Michael Takemura Director, HP Accessibility Program Office
Michael Takemura, director of the HP Accessibility Program Office, is responsible for developing and implementing the strategy for HP’s accessibility efforts. This office guides corporate-wide accessibility in product design, engineering, product development, marketing, web, services, support and programs for persons with disabilities.
Takemura is a frequent speaker representing HP and the information technology industry on global information technology accessibility issues. He is serving as co-convenor of the JTC1 Special Working Group on Accessibility Task Group on User Requirements. He also represents the Information Technology Industry Council (ITI) on the U.S. Access Board Telecommunications and Electronic Information Technology Advisory Council (TEITAC). He serves as a Director on the Advisory Board for California State University at Northridge – Center on Disabilities (CSUN-COD), and is a member of the Information Technology Industry Council (ITI) Accessibility Committee, and the National Spinal Cord Injury Association (NSCIA) Business Advisory Council. He has served on the Board of Directors for the American Association of People with Disabilities (AAPD) and Assistive Technology Industry Association (ATIA) where he served as Vice President. In 2005, he was named one of Careers & disABLED Magazine’s Employees of the Year, for his professional and advocacy efforts on behalf of people with disabilities in the workplace. Takemura has been in the technology industry for over 19 years, representing HP/Compaq for more than 15 years, with strategic roles in the marketing and sales organizations.
He resides in Houston Texas where he is an active member in his church, making annual visits to Mexico and Costa Rica working with disadvantaged children. Michael attended Creighton University, earning a degree in Organizational Communications. He was interviewed by Assistive Technology News' writer John M. Williams.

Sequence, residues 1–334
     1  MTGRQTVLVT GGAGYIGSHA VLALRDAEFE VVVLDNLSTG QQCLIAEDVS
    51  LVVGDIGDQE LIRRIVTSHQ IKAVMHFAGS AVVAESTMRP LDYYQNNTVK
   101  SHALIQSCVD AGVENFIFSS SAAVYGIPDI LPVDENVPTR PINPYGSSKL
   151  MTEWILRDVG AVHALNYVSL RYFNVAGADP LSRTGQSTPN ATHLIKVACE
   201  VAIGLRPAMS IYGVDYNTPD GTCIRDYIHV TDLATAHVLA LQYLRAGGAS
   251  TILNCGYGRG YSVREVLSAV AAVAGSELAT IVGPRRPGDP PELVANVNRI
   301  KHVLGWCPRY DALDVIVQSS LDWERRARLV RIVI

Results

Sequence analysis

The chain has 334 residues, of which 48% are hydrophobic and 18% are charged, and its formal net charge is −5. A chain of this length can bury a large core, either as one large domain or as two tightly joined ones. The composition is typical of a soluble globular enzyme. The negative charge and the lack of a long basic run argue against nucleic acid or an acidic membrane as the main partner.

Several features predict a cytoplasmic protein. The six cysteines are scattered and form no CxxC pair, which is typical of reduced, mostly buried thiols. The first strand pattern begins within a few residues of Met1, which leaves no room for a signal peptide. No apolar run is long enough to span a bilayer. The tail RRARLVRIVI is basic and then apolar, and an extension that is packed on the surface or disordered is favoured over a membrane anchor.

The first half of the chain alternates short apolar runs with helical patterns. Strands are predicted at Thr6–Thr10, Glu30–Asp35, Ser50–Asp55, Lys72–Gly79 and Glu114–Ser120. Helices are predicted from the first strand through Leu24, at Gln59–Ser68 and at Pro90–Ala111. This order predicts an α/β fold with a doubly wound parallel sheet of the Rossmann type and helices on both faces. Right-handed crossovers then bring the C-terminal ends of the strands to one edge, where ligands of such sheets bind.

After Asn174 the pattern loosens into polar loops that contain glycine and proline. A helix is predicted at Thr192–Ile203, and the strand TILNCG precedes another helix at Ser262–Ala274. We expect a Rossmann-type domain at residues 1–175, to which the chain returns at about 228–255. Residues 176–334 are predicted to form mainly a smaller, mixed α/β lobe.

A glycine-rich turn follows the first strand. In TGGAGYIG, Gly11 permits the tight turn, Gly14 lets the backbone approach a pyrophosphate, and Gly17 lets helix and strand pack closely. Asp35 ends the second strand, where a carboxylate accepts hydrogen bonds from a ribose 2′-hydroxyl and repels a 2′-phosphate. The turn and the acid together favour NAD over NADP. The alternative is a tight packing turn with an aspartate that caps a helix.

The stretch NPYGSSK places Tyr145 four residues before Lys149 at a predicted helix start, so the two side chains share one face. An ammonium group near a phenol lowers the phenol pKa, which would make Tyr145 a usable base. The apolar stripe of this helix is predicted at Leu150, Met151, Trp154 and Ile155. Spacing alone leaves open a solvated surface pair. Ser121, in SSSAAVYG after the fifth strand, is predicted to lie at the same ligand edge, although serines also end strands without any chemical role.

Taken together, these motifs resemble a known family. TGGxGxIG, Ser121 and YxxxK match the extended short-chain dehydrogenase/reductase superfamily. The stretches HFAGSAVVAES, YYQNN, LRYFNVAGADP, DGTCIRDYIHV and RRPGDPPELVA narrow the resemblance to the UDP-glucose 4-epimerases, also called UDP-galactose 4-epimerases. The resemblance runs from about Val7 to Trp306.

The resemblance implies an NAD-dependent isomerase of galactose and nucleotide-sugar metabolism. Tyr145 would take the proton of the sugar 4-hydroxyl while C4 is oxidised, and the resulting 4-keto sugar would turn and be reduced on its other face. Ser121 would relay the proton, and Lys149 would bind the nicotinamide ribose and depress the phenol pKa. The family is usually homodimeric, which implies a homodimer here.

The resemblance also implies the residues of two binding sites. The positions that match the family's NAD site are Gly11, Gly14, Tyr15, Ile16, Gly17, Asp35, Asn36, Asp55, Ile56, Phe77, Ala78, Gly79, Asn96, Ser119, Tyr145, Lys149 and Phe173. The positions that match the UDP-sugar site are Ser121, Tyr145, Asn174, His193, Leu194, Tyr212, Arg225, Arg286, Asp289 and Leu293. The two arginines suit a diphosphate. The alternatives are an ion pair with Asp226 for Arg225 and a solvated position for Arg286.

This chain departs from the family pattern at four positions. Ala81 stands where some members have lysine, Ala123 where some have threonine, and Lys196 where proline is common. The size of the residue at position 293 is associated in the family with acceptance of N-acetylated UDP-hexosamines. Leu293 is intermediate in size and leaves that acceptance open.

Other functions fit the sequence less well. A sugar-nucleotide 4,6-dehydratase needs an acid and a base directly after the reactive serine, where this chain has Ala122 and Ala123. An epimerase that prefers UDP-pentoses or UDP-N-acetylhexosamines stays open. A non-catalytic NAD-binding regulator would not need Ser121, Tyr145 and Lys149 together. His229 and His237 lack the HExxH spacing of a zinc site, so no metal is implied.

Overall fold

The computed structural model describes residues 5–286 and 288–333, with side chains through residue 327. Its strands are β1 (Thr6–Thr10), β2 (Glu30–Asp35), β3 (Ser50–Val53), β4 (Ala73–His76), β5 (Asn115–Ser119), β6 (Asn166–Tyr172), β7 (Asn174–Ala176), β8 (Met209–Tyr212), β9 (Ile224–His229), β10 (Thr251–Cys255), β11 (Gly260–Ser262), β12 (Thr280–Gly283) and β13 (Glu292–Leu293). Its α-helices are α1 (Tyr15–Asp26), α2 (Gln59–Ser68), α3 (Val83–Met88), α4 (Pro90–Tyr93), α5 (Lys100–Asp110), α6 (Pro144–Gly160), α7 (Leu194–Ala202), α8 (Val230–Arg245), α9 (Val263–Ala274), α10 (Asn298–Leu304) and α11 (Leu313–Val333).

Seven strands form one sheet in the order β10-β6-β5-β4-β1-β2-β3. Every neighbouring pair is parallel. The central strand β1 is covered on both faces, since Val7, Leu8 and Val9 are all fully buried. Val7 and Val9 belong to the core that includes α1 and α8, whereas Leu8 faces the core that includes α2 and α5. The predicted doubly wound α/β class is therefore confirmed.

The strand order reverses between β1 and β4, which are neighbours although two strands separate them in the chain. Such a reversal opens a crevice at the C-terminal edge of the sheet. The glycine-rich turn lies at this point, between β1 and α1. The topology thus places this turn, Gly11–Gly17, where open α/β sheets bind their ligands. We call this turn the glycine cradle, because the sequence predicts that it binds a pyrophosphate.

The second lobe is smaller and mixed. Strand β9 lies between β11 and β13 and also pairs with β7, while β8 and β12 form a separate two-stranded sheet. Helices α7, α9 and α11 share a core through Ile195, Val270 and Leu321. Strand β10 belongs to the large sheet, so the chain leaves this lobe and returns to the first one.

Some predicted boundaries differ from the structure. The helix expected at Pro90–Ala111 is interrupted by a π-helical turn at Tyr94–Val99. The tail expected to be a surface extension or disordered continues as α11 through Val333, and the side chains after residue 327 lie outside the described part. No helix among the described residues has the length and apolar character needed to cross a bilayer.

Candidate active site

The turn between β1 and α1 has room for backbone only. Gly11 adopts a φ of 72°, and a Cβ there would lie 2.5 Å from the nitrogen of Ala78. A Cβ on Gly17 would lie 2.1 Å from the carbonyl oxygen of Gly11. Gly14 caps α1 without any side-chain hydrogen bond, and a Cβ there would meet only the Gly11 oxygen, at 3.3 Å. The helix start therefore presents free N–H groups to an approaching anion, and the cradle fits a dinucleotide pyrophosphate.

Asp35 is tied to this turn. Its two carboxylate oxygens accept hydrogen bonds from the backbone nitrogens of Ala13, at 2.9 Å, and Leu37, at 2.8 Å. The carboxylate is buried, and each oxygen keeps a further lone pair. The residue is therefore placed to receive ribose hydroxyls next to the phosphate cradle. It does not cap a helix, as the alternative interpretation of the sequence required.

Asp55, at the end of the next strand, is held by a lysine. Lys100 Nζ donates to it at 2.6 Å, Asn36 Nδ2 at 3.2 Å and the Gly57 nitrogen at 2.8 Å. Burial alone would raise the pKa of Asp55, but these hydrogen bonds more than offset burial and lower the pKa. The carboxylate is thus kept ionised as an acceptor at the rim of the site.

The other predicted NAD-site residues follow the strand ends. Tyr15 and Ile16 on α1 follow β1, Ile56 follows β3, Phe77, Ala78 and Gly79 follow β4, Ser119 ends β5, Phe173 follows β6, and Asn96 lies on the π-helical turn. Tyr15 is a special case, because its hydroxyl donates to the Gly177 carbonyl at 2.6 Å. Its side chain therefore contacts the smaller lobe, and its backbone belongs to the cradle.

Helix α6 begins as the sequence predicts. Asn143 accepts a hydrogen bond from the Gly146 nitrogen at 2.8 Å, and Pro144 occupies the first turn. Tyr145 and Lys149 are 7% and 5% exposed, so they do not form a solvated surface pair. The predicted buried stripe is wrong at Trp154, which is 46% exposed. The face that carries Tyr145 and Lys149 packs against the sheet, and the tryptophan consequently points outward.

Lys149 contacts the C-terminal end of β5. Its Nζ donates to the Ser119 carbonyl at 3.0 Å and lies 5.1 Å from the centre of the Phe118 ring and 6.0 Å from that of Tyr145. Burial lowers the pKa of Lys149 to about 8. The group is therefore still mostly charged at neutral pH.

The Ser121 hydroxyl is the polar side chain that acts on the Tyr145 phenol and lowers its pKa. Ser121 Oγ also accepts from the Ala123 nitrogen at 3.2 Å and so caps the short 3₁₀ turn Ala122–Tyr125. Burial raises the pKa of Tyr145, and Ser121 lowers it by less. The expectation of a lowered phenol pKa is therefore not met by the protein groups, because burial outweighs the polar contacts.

Williams: What are the internal and external hurdles HP faces as it develops products that can be used by everyone?
Takemura: The most significant internal hurdle is educating everyone about the personal impact this can have, not only on them and on their lives, but the pervasiveness of that impact on our customers and on other employees. It comes down to general awareness. Not just at HP, but at any company. If the need for accessibility hasn’t overtly impacted them personally, or someone in their family, it probably hasn’t crossed their mind. I’ve found that once people “get it” they embrace the opportunity and challenge with a passion.
The other challenge that I think HP and companies both in the technology industry and in other industries face is to turn these user needs into concrete design standards. Engineers want black and white. Tell me how I can design a product that I know is going to be accessible. A product or service is never going to be 100% accessible to everyone, all of the time. We’re dealing with real people, that have millions of combinations of abilities and limitations that affect how they interact with products. Add to that the challenge of the environment in which they are using the product, and now you have billions of combinations. We have to ask ourselves: Is this product or service accessible to whom? Doing what? In what circumstances? Sometimes that can be a simple design change. Other times that requires training. Still other times it may require partnerships – or any combination of those. It can be high tech or it can be low tech. It’s not a simple process with simple answers – nor do we ever arrive and say, “yes, we’ve made something completely accessible”. The beauty is that it allows for creativity and innovation and allows our employees to address the never-ending challenge to identify how we can make a product, service or web site easier to use and simple to access.